You are using an old and unsupported browser. Most core functionality will not work. Please upgrade to a supported browser - Google Chrome

ANZMOSS - ANZGOSA 2020 Virtual Conference
ANZMOSS – ANZGOSA 2020 Virtual Conference
ANZMOSS - ANZGOSA 2020 Virtual Conference

The OMEGA Study: Obesity and metabolic syndrome effects on the glycocalyx.

The glycocalyx lines all endothelial cells and has been shown to play an important role in vascular homeostasis. Novel technology allow the glycocalyx to be measured non-invasively in the sublingual microcirculation, and reduction in glycocalyx has been shown in diabetes, coronary artery disease, stroke, sepsis, and ischaemia. We hypothesize that the glycocalyx is reduced in obesity and in the metabolic syndrome, and correlates with elevated inflammatory markers (highly sensitive CRP (hsCRP), tumour necrosis factor alpha (TNF-a), interleukin 6 (IL6)) and markers of endothelial activation (hyaluronan, syndecan-1, vascular cell adhesion molecule (VCAM). 
A cross-sectional study was conducted recruiting four groups of volunteers: 1) Healthy non obese, 2) Obese without metabolic syndrome, 3) Obese with metabolic syndrome, 4) Weight loss post bariatric surgery.  The glycocalyx was measured using video microscopy (Glycocheck), measurements of obesity (BMI, waist to hip ratio, body fat percentage) recorded and blood and urine samples collected.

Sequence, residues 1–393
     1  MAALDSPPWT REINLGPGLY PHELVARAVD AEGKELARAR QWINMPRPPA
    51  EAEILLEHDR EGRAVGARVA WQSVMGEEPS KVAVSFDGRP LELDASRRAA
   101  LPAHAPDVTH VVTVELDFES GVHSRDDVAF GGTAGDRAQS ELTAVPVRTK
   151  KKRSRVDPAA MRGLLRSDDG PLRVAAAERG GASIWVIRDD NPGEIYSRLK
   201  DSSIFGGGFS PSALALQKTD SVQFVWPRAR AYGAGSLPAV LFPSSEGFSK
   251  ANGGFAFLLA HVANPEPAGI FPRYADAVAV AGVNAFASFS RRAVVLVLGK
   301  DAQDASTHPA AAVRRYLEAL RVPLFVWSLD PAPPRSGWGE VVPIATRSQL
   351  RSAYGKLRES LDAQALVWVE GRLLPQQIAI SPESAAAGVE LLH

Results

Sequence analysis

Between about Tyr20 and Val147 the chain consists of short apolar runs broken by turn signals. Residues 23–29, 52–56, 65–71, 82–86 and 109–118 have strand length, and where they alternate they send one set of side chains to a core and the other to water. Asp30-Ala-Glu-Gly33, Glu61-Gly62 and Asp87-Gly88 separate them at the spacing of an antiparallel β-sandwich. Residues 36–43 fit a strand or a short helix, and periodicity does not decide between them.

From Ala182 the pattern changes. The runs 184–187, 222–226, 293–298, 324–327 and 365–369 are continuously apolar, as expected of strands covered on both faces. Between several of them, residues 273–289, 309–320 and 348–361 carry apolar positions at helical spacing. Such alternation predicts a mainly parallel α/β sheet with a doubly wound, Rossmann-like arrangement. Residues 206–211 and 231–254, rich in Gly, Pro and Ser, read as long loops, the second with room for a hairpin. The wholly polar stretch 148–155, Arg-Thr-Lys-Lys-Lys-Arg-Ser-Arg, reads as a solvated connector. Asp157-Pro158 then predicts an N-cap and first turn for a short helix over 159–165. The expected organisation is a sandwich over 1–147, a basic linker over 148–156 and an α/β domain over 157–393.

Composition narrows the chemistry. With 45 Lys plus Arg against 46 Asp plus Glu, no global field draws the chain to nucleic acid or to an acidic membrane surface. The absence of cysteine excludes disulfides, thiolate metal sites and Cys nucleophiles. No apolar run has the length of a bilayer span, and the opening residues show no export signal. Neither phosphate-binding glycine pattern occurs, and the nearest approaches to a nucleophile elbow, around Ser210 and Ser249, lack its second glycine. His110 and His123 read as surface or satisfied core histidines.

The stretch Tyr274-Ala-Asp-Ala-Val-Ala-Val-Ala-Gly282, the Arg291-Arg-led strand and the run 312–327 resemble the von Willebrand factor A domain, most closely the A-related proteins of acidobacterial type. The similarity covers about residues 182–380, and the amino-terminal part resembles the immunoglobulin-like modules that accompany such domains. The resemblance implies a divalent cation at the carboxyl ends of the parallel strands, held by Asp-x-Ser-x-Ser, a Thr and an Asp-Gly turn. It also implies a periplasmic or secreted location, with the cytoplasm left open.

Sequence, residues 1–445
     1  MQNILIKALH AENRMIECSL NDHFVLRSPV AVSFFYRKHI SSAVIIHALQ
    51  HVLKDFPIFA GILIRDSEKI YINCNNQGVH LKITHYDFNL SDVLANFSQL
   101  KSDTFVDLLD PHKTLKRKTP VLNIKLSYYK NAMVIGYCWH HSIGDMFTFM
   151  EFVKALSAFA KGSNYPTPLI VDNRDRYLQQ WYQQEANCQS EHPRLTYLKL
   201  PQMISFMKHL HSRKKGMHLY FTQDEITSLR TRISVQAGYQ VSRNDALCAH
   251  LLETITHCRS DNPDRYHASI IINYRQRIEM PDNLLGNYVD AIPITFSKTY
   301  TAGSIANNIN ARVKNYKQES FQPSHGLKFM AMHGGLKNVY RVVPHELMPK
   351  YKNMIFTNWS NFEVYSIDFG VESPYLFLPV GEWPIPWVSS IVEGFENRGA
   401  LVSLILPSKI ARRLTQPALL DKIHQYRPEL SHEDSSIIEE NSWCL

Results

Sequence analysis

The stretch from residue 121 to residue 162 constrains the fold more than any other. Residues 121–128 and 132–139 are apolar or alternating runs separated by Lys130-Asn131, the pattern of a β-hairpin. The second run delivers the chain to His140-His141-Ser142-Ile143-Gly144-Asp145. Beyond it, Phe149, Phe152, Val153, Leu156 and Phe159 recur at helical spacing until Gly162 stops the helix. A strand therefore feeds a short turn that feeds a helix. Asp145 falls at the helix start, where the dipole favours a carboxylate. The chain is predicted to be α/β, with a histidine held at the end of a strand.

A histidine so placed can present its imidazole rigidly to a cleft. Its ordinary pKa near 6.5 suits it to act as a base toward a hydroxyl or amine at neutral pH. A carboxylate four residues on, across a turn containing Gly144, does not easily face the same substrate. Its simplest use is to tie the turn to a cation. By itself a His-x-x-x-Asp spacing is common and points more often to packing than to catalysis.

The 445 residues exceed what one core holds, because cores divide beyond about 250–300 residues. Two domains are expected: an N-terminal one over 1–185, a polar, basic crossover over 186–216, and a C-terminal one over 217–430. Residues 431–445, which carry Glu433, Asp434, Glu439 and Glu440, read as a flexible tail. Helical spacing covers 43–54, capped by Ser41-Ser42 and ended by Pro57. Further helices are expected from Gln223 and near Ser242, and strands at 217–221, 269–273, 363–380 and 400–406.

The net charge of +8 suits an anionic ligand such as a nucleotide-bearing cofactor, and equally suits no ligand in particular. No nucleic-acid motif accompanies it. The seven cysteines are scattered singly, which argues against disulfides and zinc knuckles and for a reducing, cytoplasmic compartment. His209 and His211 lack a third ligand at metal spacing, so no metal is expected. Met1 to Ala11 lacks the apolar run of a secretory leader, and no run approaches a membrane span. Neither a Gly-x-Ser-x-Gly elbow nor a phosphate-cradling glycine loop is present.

107 participants were recruited. The glycocalyx measurements were lowest in the obese with metabolic syndrome group but this was not statistically significant. Highly sensitive CRP and interleukin-6 were significantly higher in the obese with metabolic syndrome group compared with the control group and the post bariatric surgery weight loss group. BMI strongly positively correlated with hsCRP (Pearsons coefficient 0.63, p<0.05). 
This is the first study to our knowledge to investigate the glycocalyx in obesity and metabolic syndrome. Our findings suggest glycocalyx thickness may be reduced in obesity, especially with metabolic syndrome. Markers of inflammation were highest in the obese group with metabolic syndrome and lowest in the control group and post bariatric surgery group, suggesting that weight loss reduces inflammation. Future studies with a larger sample size and repeated measurements pre and post bariatric surgery would be useful to further assess the effect of weight loss on the glycocalyx.  
Sean Mackay - Box Hill Hospital, Epworth Eastern Hospital and Sheryn Cheah - Box Hill Hospital